1. Do elevated amylase levels always mean that I have a pancreatic condition?
No. Amylase levels may also be significantly increased in people with gallbladder attacks. Urine and blood amylase levels may be moderately elevated with a variety of other conditions, such as ovarian cancer, lung cancer, tubal pregnancy, acute appendicitis, diabetic ketoacidosis, mumps, intestinal obstruction, or perforated ulcer, but amylase tests are not generally used to diagnose or monitor these disorders.
3. What is the difference between P-amylase and S-amylase?
Amylase is an enzyme that has several different forms called isoenzymes. Different tissues make different forms. P-amylase refers to the type of amylase made mainly in the pancreas. S-amylase refers to the type of amylase made mainly by the salivary glands. P-amylase in the blood increases when the pancreas is inflamed or damaged. S-amylase in the blood increases when the salivary gland is inflamed or damaged. Measuring pancreatic amylase, or P-amylase, may be useful in determining if an increase in a total amylase level is due to acute pancreatitis.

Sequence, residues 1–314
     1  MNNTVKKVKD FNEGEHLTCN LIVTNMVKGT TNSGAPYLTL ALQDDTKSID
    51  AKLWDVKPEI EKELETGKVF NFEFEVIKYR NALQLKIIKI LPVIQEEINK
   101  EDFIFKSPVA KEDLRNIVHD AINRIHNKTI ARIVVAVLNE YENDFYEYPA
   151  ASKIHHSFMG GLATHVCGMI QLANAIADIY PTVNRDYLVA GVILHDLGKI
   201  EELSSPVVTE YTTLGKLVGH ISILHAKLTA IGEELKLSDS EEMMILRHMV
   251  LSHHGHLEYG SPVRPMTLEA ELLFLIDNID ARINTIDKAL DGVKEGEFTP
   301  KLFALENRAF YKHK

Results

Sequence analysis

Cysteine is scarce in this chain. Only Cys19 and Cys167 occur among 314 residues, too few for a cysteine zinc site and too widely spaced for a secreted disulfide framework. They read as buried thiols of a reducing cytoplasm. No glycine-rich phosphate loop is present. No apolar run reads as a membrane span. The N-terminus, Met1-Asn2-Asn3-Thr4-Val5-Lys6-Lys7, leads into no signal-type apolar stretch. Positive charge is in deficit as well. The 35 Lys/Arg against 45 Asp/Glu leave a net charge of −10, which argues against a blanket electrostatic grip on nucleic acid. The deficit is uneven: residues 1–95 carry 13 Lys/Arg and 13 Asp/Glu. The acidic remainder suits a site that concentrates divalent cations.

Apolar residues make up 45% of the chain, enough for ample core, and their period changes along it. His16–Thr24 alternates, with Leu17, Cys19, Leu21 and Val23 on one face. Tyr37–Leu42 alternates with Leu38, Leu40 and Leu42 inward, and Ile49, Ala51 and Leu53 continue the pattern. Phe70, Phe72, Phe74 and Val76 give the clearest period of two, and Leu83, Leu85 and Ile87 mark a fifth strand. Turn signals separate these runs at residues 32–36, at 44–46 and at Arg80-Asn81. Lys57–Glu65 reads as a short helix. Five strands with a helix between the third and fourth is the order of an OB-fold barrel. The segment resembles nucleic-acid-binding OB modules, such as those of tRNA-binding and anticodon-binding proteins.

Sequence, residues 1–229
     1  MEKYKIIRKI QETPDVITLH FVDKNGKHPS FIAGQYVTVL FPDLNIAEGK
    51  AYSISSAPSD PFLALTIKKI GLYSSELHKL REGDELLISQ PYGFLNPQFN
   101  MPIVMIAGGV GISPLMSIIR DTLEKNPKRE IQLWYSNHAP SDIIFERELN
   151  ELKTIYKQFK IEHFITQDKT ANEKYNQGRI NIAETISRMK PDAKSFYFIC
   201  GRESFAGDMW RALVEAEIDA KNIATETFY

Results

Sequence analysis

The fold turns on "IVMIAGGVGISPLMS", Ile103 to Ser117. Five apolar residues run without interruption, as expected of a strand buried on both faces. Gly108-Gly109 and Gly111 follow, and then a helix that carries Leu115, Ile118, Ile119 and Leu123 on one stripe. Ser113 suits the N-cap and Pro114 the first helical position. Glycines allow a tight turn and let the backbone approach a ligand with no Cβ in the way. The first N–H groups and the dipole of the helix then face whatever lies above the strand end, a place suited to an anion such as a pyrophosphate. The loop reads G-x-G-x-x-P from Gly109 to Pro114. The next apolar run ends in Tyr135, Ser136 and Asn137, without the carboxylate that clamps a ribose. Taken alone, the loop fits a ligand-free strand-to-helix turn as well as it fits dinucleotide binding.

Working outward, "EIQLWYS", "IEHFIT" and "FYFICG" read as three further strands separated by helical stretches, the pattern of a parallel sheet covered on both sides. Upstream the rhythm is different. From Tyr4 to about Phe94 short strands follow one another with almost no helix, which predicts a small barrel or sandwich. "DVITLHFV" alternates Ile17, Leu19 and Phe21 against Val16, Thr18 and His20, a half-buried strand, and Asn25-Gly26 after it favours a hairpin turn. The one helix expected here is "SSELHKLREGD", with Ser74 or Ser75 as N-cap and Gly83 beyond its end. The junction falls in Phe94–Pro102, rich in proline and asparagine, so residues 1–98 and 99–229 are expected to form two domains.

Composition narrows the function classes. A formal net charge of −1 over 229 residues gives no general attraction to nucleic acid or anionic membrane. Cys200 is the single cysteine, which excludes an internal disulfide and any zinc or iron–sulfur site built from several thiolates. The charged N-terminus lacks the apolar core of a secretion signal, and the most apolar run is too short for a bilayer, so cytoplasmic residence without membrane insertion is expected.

This article was last reviewed on July 11, 2014. | This article was last modified on February 24, 2015.
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